Rock Cliff Recreation Site is the second recreation area at Jordanelle Reservoir. It features a nature center and a campground (no reservations). The Perimeter Trail connects Rock Cliff State Park to Hailstone State Park; it is open to hiking, biking, horses, and ATVs. Additional recreation in the area consists of several hiking/biking trails, ATV trails, and cross-country skiing trails. Soldier Hollow is the former Olympic venue that is now used as a golf course in the spring/summer and a cross-country skiing, tubing, and snowshoeing course in fall/winter. The Heber Valley has much to offer, and Jordanelle Reservoir is close to just about all of it.
Jordanelle Reservoir is quite frankly a gorgeous reservoir. At depths over 200 feet, the water is cool and inviting on a hot summer day. The mountain peaks in the distance create a serene backdrop for fishing or sunbathing. The pleasant campgrounds are the perfect spots to set up for a week or so and just relax. The reservoir is so inviting, you’ll want to join the local population boom!
Things to Do at Jordanelle Reservoir
- Vacation Rentals
- Water Skiing
- Cross-Country Skiing
- Horseback Riding
- Wildlife Viewing
- State Park
Fish Species Found at Jordanelle Reservoir
- Black Bass
- Brown Trout
- Cutthroat Trout
- Rainbow Trout
- Smallmouth Bass
Find Places to Stay at Jordanelle Reservoir
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Recommended Sites to Book a Jordanelle Reservoir Vacation
If you want to take a deeper dive to find waterfront lake cabins, cottages, condos, hotels or resorts, check out our favorite Jordanelle Reservoir lodging partners.
- VRBO – Use VRBO to find the perfect lake rental home, condo, cabin, cottage or other vacation property.
- Booking.com – One of the world’s leading digital travel companies, Booking.com connects travelers to everything from cozy B&Bs to luxury resorts.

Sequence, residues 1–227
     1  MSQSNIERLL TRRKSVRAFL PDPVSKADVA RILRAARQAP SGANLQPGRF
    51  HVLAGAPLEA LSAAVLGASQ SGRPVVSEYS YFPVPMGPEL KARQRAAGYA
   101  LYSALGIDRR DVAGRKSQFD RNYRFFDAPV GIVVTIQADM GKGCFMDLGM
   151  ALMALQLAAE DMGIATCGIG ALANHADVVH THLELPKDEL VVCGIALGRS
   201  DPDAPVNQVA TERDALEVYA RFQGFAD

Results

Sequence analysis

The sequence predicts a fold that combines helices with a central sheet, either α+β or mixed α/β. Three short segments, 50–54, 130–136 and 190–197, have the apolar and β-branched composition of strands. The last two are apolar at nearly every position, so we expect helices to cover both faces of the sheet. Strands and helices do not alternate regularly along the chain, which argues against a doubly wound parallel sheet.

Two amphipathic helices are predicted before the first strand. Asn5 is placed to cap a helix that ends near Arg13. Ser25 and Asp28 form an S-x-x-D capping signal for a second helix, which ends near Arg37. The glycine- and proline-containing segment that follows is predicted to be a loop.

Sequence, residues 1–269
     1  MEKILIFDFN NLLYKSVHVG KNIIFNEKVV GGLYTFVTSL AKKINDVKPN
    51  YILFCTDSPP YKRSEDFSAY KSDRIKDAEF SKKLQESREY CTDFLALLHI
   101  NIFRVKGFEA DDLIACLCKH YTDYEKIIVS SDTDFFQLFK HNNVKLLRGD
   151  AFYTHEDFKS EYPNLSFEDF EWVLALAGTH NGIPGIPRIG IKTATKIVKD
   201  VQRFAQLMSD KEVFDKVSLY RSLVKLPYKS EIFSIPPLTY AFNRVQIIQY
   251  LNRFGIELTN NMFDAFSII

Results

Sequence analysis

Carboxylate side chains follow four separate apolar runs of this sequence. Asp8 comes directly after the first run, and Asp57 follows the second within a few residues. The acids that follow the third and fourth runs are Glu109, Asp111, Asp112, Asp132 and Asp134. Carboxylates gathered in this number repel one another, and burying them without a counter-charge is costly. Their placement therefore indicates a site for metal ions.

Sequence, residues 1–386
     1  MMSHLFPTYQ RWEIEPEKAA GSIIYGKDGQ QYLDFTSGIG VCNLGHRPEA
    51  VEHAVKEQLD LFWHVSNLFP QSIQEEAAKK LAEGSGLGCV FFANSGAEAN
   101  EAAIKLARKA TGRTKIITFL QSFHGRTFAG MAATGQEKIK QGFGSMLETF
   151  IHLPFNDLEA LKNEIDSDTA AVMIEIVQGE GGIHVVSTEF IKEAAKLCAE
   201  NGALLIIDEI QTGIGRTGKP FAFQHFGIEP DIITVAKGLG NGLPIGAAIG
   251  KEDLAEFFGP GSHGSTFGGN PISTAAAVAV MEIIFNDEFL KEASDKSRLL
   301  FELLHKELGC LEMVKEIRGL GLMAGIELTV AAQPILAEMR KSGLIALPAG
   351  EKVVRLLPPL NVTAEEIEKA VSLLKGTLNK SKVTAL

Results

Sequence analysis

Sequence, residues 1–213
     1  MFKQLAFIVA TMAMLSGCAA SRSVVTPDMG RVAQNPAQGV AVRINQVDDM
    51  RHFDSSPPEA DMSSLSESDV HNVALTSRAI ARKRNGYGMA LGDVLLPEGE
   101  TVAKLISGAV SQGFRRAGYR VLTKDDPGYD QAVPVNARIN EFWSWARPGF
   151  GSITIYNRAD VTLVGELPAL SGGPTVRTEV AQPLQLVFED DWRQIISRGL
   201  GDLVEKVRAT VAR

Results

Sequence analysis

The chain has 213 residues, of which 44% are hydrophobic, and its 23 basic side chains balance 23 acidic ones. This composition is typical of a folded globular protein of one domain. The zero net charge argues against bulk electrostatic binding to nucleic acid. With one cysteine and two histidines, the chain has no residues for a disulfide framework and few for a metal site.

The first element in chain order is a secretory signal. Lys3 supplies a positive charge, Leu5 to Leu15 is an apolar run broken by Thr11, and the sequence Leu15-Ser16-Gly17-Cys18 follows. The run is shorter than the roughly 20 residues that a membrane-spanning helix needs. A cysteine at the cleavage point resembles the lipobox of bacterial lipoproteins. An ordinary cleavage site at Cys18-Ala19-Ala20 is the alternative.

- Expedia – Expedia is a popular online travel agency with more than 140,000 lodging properties worldwide.
- Hotels.com – With more than 325,000 hotels in 19,000-plus locations, Hotels.com is an industry leader in online accommodations.
- TripAdvisor – Read traveler reviews and compare prices on hotels, vacation rentals and more at TripAdvisor.
- Trivago – Trivago helps travelers compare deals for hotels and other accommodations from a variety of booking sites.
- KAYAK – KAYAK scours hundreds of other travel websites at once to find the best deals on hotels and other travel-related services.
- RVshare –RVshare connects travelers interested in renting a motorhome with owners who have RVs to rent.
- CampSpot – Campspot offers premier RV resorts, family campgrounds, cabins and glamping options across North America.
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Jordanelle Reservoir Statistics & Helpful Links
Lake Type: Artificial Reservoir, Dammed
Water Level Control: Central Utah Water Conservancy District
Surface Area: 3,300 acres
Shoreline Length: 25 miles
Normal Elevation (Full Pond): 6,166 feet
Minimum Elevation (Min Pond): 5,902 feet
Maximum Elevation (Max Pond): 6,182 feet
Average Depth: 109 feet
Maximum Depth: 292 feet
Water Volume: 360,500 acre-feet
Completion Year: 1993
Lake Area-Population: 3,000
Drainage Area: 258 sq. miles
Trophic State: Mesotrophic